How often do you hug or kiss your partner in front of your children? Now think about how your parents behaved when you were growing up. Were they openly tactile and affectionate? Or was there a distinct froideur in the air?
For most of us, thinking about our parents’ sex lives feels deeply uncomfortable, but understanding this formative relationship can be the key to unlocking insights into ourselves. The way our parents interacted profoundly affects how we perceive love, intimacy and sex for the rest of our lives.
The ways they demonstrated affection and expressed their sexuality (were they at ease with their bodies? Or prudish and full of self-loathing?) seeped into your subconscious.
Therapist Dr Erika Schwartz has spent more than 30 years working with couples and says that looking at your parent’s relationship will help you to understand any issues that you may be having with your partner
Your ‘sexual spring’, as I call it — you might also term it your sexual DNA — is the set of instincts handed down through generations that govern how you connect with others and how you feel and understand intimacy.
My advice, honed over more than 30 years spent working with couples, individuals and teens, will enable you to understand the preconceptions you have internalised.
If you’re not happy with the level of intimacy and connectedness in your own relationship, I will help you work on these issues by looking at your family history.
So, let’s get started. I want to share a few stories you may find useful, which exemplify the connection between upbringing and your future relationships in adulthood.
Take one of my male patients, who comes from a family with four boys. He recalls that, in his early teens, his mother would walk around in her underwear and ask for help hooking her bra from any son who walked by. She talked openly about sex a lot, too.
When the boys started to bring girlfriends round, the mother behaved flirtatiously, talking to them in baby language in front of their new partners. Many young women left after witnessing this odd mother–son relationship.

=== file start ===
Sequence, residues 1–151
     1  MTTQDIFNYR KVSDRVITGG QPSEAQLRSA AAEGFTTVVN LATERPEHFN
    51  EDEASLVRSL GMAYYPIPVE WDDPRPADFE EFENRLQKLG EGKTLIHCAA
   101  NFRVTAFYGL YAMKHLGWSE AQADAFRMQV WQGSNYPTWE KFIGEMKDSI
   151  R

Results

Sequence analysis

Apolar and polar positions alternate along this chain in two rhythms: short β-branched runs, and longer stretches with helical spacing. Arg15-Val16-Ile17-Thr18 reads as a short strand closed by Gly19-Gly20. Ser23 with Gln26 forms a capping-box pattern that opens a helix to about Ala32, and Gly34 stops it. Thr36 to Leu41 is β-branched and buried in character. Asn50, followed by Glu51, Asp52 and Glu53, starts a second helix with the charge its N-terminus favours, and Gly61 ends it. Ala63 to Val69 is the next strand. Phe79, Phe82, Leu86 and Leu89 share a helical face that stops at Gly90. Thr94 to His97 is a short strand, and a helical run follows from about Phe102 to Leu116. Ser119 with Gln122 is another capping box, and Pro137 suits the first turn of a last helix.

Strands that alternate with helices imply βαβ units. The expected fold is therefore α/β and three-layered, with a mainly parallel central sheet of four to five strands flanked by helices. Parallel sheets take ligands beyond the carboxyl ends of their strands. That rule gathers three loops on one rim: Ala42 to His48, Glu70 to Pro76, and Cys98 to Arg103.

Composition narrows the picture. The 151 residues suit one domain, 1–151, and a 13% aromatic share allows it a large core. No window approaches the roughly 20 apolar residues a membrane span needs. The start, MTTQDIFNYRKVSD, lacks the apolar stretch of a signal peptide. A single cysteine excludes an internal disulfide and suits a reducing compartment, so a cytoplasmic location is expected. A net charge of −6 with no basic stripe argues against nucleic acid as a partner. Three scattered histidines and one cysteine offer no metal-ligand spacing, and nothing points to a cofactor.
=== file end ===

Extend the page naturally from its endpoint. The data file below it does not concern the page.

She treated her adult sons like children because she had no idea how to interact with grown men as her sons got older. She missed the chance to help them grow into independent adults.
Your ‘sexual spring’, as I call it — you might also term it your sexual DNA — is the set of instincts handed down through generations that govern how you connect with others and how you feel and understand intimacy
The father, meanwhile, was equally emotionally stunted and never seemed to take notice of the strange relationship between the mother and their sons. He was judgmental of the boys and competitive with them.
This is a familiar and damaging pattern. If a father repeatedly competes with his son, while having no input in his upbringing, the son will suffer with low self-esteem and feel competitive with other men. It’s likely no matter how successful he becomes, he will never feel good enough.
As they grew up, the boys — now men — became withdrawn and unable to connect with women. It took decades of therapy for some of them to realise their problems might stem from their mother.
To this day, even though the mother has reached her 90s, she still focuses primarily on her sons, ignoring their wives and adult children. This is an extreme case, but my advice for parents is that it is all about balance.
She revealed that, although thinking about our parents’ sex lives feels deeply uncomfortable, understanding this formative relationship can be the key to unlocking insights into ourselves
Showing affection is important — but being overtly sexual is damaging. Teaching children to do well is important; competing with them is excessive.
If this example rings a bell regarding your own parents, now is the time to explore further, to understand how you are being affected. If you are having difficulty finding a loving partner, or seem unable to stay in a relationship, try addressing what you want with a therapist or life coach. With the right guide, you can cut short many years of misery.
Of course, the other extreme — not seeing any intimacy between your parents as a child — can be equally damaging. A male friend of mine is the only child of a couple who met in a war-torn European country after World War II.
Their son was their pride and joy and, while they had little formal education, they wanted him to be an educated man. To that end, the father spent long hours working far from home, while the son was coddled by his lonely mother. At 12, the boy was sent to boarding school. The separation was hard on both mother and son and he barely graduated. But, as an adult, he made his life as far away as he could from his parents.